Relationships register or full ban is ‘catch-22’ for universities

OfS’ proposed scheme might unintentionally endorse personal relationships between staff and students, campaigners warn

二月 28, 2023
Couple behind garage shutters to illustrate Relationships register or full ban is ‘catch-22’ for universities
Source: Getty

An outright ban on staff-student sexual relationships in England would help to avoid some of the “grey areas and ambiguities” that might arise from the Office for Students’ proposed registration scheme, according to campaigners.

But it has been warned that a more hard-line approach to eradicating sexual misconduct on campuses could also drive such relationships underground and put students in a more vulnerable position if they do not have access to support.

The OfS, England’s sector regulator, is consulting on plans to force all university staff to declare “personal relationships” with students for whom they have responsibility, details of which should be kept on a register by the institution.

Anna Bull, the director of the 1752 Group set up to address sexual harassment in higher education, said such a scheme would provide universities with a clear means of taking action if relationships go undeclared, with staff breaking the rules potentially facing dismissal.

“Whether universities will actually do this is another question,” said Dr Bull, a lecturer in education and social justice at the University of York. “But a major advantage of the register is this possibility.”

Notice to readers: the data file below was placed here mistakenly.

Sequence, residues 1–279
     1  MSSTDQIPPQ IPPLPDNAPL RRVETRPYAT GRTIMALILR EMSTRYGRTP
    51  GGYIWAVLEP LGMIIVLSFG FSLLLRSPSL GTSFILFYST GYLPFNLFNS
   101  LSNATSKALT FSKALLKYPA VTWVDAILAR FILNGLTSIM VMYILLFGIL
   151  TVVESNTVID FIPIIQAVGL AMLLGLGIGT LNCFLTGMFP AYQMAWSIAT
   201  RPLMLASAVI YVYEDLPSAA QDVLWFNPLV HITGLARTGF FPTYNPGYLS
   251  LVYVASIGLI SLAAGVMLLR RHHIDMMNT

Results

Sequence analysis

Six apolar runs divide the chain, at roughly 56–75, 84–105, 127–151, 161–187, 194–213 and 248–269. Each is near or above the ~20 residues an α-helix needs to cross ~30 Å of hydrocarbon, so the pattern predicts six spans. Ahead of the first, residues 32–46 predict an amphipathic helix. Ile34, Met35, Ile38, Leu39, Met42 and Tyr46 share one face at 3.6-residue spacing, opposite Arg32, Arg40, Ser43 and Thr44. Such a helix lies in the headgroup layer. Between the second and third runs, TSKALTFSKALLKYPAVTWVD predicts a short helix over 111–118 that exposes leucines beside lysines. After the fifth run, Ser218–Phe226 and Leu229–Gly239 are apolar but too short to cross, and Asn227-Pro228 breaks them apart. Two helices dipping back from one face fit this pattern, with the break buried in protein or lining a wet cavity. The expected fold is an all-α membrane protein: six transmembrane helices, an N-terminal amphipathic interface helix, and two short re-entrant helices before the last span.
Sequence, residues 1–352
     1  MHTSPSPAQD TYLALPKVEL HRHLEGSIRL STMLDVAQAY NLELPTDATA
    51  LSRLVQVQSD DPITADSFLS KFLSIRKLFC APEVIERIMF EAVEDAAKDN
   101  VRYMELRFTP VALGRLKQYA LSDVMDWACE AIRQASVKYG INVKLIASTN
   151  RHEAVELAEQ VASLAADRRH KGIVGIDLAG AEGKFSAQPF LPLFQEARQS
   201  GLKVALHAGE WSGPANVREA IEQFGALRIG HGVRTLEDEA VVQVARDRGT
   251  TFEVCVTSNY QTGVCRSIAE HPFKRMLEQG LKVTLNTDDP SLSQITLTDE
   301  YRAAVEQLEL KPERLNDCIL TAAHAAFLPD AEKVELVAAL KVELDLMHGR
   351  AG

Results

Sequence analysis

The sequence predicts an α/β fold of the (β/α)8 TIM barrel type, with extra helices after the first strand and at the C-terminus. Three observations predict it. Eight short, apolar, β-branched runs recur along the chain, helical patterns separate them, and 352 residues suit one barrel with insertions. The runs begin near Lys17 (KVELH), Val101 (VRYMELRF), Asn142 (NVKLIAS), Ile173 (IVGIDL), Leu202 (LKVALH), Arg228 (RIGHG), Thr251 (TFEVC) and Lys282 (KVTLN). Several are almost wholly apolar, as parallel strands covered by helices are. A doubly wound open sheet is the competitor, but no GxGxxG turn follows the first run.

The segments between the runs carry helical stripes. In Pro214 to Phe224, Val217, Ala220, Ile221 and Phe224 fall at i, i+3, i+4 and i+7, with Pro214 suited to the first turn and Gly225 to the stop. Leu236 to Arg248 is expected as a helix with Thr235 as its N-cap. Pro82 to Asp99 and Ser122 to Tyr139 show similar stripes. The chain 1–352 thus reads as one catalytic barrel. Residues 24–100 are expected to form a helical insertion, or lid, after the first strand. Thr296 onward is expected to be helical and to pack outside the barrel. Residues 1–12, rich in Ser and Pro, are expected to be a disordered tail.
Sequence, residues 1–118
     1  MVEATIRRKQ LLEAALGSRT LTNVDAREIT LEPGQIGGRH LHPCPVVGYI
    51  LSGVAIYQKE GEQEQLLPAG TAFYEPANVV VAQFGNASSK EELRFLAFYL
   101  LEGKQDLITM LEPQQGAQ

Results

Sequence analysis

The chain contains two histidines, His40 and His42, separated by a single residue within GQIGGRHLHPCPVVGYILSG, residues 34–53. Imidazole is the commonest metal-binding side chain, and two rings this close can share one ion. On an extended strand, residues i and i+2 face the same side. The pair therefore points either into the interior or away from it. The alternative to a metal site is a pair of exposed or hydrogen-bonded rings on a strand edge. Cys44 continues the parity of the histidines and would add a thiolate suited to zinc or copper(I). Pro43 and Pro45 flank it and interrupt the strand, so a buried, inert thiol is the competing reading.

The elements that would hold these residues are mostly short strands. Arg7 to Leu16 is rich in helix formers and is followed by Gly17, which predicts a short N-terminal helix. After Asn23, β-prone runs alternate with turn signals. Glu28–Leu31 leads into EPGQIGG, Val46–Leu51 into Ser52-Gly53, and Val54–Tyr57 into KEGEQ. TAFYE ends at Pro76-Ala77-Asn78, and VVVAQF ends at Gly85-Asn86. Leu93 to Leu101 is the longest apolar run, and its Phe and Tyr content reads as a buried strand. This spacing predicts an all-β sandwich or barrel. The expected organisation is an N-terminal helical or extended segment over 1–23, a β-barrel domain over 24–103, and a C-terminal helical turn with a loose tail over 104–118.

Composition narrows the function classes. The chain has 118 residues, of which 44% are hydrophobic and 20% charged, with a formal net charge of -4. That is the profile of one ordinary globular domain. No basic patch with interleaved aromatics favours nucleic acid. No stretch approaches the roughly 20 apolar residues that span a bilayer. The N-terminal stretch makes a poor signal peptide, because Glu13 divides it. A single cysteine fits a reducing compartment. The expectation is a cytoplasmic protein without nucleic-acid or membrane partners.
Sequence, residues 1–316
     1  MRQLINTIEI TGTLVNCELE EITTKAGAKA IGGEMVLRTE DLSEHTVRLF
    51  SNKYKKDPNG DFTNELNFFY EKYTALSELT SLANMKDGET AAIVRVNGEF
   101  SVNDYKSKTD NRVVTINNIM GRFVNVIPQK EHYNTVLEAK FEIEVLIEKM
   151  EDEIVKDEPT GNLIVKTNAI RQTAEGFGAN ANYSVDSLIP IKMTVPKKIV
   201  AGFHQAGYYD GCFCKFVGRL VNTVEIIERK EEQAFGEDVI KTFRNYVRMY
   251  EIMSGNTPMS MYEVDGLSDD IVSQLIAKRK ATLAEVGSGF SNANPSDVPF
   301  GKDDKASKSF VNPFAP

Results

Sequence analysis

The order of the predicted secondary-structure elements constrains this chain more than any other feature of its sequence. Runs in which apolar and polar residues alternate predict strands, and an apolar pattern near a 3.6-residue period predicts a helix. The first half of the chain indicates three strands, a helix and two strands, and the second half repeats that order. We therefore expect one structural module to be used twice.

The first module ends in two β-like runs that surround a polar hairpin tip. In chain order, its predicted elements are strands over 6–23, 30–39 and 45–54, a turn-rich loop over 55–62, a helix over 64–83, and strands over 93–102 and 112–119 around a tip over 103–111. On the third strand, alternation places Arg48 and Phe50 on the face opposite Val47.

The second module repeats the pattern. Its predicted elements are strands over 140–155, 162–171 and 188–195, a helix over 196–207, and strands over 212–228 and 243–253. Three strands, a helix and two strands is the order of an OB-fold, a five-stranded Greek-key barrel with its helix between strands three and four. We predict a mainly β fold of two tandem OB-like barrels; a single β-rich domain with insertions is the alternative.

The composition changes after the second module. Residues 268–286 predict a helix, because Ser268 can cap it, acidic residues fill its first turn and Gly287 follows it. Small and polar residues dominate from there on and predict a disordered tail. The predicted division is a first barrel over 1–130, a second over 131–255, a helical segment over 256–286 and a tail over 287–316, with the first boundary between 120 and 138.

There were potential drawbacks, according to Dr Bull: it might “send the message such relationships are OK” and it was not clear how students would be supported and protected beyond the registration process.

Dr Bull said prohibiting all such relationships – the other option the OfS is consulting on – would be preferable as it would “make it easier to take action against sexual harassment because there would be a clear line that says any sexualised behaviour is not OK”.

But, she admitted, it is a “bit of a catch-22 as it carries a serious risk that it would just be driven underground. You can imagine in a controlling relationship how a staff member could say, ‘You will destroy my career if you speak up about this.’ It puts that student in an even more vulnerable position.”

Luke Brunning, a lecturer in applied ethics at the University of Leeds, said the OfS proposals were a “massive step in the right direction” but there was still a case to be made for adopting the “more radical proposal” of an outright ban.

He felt that the “regulatory burden” of implementing the registration proposal had been “underthought” because it was “very hard to police and creates a grey zone of ambiguity that staff can operate in”.

“It is confusing and sends mixed signals,” he said of the plan. “You are telling staff this is something you can do, just let us know about it. I’m not convinced that is robust enough.”

Dr Bull agreed with the OfS that sector-wide regulation was needed on harassment and sexual misconduct because universities’ responses to the issues had been “very patchy”.

But, she said, the regulator was going to have to “get their hands dirty in terms of the detail of the delivery of this”.

“Staff who are handling complaints and reports are carrying all the risk and responsibilities because there is a lack of guidance on how to do this work,” Dr Bull said, adding that legal advice had indicated that regulatory obligations could equip providers with “firmer ground” to, for example, share the results of complaints, an area where universities have been very cautious because of data protection concerns.



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Reader's comments (1)

I'd support an outright ban. The power imbalance really means such relationships are inappropriate and often problematic for both sides.